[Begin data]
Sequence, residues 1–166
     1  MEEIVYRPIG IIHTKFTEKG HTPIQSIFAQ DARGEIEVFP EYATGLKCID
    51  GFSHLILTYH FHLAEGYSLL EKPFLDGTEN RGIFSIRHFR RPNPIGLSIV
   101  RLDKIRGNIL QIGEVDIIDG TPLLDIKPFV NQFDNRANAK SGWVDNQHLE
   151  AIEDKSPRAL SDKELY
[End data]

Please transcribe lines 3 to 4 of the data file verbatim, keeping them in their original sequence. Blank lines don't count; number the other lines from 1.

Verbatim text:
    51  GFSHLILTYH FHLAEGYSLL EKPFLDGTEN RGIFSIRHFR RPNPIGLSIV
   101  RLDKIRGNIL QIGEVDIIDG TPLLDIKPFV NQFDNRANAK SGWVDNQHLE